Our goal in training is to find the best set of weights and biases that minimizes the loss function.

Backpropagation

Now that we’ve measured the error of our prediction (loss), we need to find a way to propagate the error back, and to update our weights and biases.

In order to know the appropriate amount to adjust the weights and biases by, we need to know the derivative of the loss function with respect to the weights and biases.

Recall from calculus that the derivative of a function is simply the slope of the function.

Gradient Descent Algorithm

If we have the derivative, we can simply update the weights and biases by increasing/reducing with it(refer to the diagram above). This is known as gradient descent.

However, we can’t directly calculate the derivative of the loss function with respect to the weights and biases because the equation of the loss function does not contain the weights and biases. Therefore, we need the chain rule to help us calculate it.

Chain rule for calculating derivative of the loss function with respect to the weights. Note that for simplicity, we have only displayed the partial derivative assuming a 1-layer Neural Network.

Phew! That was ugly but it allows us to get what we needed — the derivative (slope) of the loss function with respect to the weights, so that we can adjust the weights accordingly.

Now that we have that, let’s add the backpropagation function into our python code.

class NeuralNetwork:
def __init__(self, x, y):
self.input = x
self.weights1 = np.random.rand(self.input.shape[1],4)
self.weights2 = np.random.rand(4,1)
self.y = y
self.output = np.zeros(self.y.shape)
def feedforward(self):
self.layer1 = sigmoid(np.dot(self.input, self.weights1))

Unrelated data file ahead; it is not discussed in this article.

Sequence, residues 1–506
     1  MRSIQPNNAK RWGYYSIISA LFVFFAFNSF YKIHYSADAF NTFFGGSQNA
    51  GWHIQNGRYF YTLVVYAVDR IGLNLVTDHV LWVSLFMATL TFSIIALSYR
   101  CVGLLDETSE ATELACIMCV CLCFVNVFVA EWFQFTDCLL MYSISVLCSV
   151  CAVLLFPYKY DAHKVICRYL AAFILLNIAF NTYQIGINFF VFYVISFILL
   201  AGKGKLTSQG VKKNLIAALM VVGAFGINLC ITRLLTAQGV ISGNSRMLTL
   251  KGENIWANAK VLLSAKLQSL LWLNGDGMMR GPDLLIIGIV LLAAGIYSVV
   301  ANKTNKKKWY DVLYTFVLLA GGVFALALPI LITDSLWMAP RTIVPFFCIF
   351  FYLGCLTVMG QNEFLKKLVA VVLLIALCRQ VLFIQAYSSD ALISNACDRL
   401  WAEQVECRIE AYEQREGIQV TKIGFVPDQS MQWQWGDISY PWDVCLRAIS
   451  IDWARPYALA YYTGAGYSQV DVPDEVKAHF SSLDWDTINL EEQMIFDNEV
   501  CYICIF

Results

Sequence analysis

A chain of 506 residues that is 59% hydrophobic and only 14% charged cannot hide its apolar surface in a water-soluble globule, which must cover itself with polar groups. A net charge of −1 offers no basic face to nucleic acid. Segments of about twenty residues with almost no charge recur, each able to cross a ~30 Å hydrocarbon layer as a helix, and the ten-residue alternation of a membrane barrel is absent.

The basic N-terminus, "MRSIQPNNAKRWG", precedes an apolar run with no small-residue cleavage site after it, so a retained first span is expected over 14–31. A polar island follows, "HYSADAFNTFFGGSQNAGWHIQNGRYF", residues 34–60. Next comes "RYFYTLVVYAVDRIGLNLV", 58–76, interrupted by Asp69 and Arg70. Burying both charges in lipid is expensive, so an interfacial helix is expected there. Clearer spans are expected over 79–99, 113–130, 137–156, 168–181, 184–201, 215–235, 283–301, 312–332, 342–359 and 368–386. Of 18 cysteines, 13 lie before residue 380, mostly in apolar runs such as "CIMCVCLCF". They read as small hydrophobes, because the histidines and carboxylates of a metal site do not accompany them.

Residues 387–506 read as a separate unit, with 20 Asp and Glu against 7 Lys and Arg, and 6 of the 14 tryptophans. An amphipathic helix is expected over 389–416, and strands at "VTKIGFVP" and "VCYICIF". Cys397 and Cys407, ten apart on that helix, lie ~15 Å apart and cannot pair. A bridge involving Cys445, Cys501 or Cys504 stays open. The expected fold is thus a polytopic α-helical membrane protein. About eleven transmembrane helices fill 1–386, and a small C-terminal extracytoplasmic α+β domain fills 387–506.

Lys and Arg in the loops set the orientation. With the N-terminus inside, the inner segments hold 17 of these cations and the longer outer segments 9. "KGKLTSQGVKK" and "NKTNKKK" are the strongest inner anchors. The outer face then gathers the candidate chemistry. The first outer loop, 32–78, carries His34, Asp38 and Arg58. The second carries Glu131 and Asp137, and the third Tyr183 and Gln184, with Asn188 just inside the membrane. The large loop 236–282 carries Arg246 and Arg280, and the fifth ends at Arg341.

self.output = sigmoid(np.dot(self.layer1, self.weights2))
def backprop(self):
# application of the chain rule to find derivative of the loss function with respect to weights2 and weights1
d_weights2 = np.dot(self.layer1.T, (2*(self.y - self.output) * sigmoid_derivative(self.output)))
d_weights1 = np.dot(self.input.T, (np.dot(2*(self.y - self.output) * sigmoid_derivative(self.output), self.weights2.T) * sigmoid_derivative(self.layer1)))
# update the weights with the derivative (slope) of the loss function
self.weights1 += d_weights1
self.weights2 += d_weights2

Putting it All Together

Now that we have our complete python code for doing feedforward and backpropagation, let’s apply our Neural Network on an example and see how well it does.

Our Neural Network should learn the ideal set of weights to represent this function. Note that it isn’t exactly trivial for us to work out the weights just by inspection alone.

Let’s train the Neural Network for 1500 iterations and see what happens. Looking at the loss per iteration graph below, we can clearly see the loss monotonically decreasing towards a minimum. This is consistent with the gradient descent algorithm that we’ve discussed earlier.

Let’s look at the final prediction (output) from the Neural Network after 1500 iterations.

Predictions after 1500 training iterations

We did it! Our feedforward and backpropagation algorithm trained the Neural Network successfully and the predictions converged on the true values.

Note that there’s a slight difference between the predictions and the actual values. This is desirable, as it prevents overfitting and allows the Neural Network to generalize better to unseen data.

Final Thought

Although Deep Learning libraries such as TensorFlow and Keras makes it easy to build deep nets without fully understanding the inner workings of a Neural Network, I find that it’s beneficial for aspiring data scientist to gain a deeper understanding of Neural Networks.